My visit to The Swedish Space Corporation:

In March 2008 I had the opportunity to join a specially invited group to the headquarter of The Swedish Space Corporation and listen to a speech delivered by Staffan Persson who is working at the Prisma-project. After the speech we were allowed to go down to the basement to have a look at the clean-room through a huge window. I felt entusiastic by this opportunity to watch two satellites that will actually be launched into space!

Chaos seemed to be reigning in the clean-room. Cables and big plastic bags were hanging from the satellites. The solar panels had been temporarily removed. A big part of the room was occupied by the huge table were all the parts are stored before they are assembled.

What is the Prisma-project?

Prisma is a Swedish-led satellite project with the objective to develop and qualify new technology necessary for future science missions in space, for example formation flying. Many of the future projects comprise formation flying and rendezvous, i.e. several spacecraft that can communicate and interact with each other with high precision and that requires exceptional accuracy in measuring and controlling the inter-satellite orientation.

The Prisma-project is not a scientific project. The purpose is instead to test new technology. Two satellites will be launched at the same time. One satellite goes by the name of Main and is a cube (the side is one meter). It has a propulsion system. The other satellite is smaller. It has no propulsion system but will stay in the original orbit. It is named Target. The satellites will be launched in 2009 by a Russian rocket, Dnepr.


Several new Swedish and foreign technologies are already under development and will in different ways give new opportunities or render future space projects. Space missions are still expensive and entail high risks, therefore new technologies must be qualified in space before they are considered reliable. Sweden now grabs the initiative and develops a small scale flying test laboratory, Prisma – the rendezvous robots.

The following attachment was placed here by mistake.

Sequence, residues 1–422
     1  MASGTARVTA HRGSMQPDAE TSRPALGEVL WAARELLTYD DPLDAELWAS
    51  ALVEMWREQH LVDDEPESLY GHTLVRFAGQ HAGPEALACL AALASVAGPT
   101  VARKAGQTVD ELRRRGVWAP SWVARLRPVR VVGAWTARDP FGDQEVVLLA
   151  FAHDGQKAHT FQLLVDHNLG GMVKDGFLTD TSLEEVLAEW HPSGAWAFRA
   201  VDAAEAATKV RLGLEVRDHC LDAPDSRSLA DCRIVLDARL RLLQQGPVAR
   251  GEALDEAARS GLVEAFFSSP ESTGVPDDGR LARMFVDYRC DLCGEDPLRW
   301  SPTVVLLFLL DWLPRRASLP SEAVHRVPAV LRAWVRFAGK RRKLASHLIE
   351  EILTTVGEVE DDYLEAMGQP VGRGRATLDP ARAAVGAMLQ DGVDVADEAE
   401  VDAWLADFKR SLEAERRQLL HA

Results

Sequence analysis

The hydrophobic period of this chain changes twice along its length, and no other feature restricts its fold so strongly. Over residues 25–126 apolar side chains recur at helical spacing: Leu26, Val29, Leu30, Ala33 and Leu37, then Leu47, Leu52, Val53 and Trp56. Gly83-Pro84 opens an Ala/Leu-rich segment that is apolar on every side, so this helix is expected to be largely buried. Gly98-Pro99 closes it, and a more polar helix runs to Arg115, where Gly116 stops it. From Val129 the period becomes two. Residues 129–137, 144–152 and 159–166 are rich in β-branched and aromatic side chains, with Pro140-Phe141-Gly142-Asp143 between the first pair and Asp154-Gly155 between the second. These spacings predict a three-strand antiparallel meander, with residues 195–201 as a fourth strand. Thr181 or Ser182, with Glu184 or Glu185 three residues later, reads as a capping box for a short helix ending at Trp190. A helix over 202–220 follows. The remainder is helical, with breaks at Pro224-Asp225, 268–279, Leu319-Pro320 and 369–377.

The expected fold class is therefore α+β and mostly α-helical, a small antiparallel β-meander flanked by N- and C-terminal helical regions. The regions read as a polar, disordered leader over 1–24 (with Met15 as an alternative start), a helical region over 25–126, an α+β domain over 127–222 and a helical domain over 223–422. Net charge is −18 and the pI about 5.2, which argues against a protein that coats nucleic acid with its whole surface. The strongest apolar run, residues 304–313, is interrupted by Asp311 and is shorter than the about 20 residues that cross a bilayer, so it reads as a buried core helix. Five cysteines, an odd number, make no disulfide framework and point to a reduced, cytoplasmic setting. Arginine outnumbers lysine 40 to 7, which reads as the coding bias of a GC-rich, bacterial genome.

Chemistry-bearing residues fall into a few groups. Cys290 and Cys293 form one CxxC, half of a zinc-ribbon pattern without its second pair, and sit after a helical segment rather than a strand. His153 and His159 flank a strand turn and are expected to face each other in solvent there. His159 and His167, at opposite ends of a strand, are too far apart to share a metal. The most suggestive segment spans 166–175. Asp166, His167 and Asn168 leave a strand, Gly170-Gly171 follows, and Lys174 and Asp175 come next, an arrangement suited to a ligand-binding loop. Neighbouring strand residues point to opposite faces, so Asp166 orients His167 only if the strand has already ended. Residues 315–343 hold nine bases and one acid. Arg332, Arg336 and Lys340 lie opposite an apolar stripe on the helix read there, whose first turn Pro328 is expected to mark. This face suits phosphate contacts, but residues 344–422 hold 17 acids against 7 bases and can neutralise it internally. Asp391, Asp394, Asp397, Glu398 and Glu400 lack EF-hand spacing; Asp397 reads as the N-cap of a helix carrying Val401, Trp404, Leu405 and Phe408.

Formation flying requires high precision and makes great demands on geometry, sensors, actuators and guidance, navigation and control techniques. In this context, the Prisma project is Europe's first necessary step to demonstrate new technology - both hardware and software. The technology of Prisma is developed mainly in Sweden, Germany, Denmark and France.

Facts about Prisma.

Prisma consists of two spacecraft, one main spacecraft and one target spacecraft with a total mass of >200 kg. Prisma contains several new technologies within autonomous formation flying and rendezvous, small rocket engines and MEMS (Micro Electro Mechanical Systems). The total development budget for Prisma is just under 230 million SEK (24 million Euros).

The Swedish Space Corporation is the prime contractor and is also responsible for the project management, satellite design, development of the guidance, navigation and control system, the onboard computer, onboard software, the ground system and software, assembly, integration and verification, launch procurement and operations once the satellites are in orbit. Swedish subcontractors are Omnisys (power system), ECAPS (green propulsion system) and Saab Space (manufacturing of structure and some electronics).


Planning of the Prisma-project began at The Swedish Space Corporation in April 2005. During 2008 the parts are being put together in Solna. The next step is advanced testing. It will be conducted at Packforsk in Kista, Sweden, and Intespace in Toulouse, France.
Staffan Person told us that at Intespace they can simulate among other things the extreme cold of space and the radiation from the Sun.

Hopefully the satellites are ready to be shipped to Russia in January 2009. The launch will be from Baikonur (Kazakhstan) or Yasni (Russia) in June 2009.

The text above was compiled by information from a speech by Staffan Person at the Prisma-project and from the home-page of the project.
You can find out a lot more at   www.prismasatellites.se

Updated 02/02/2012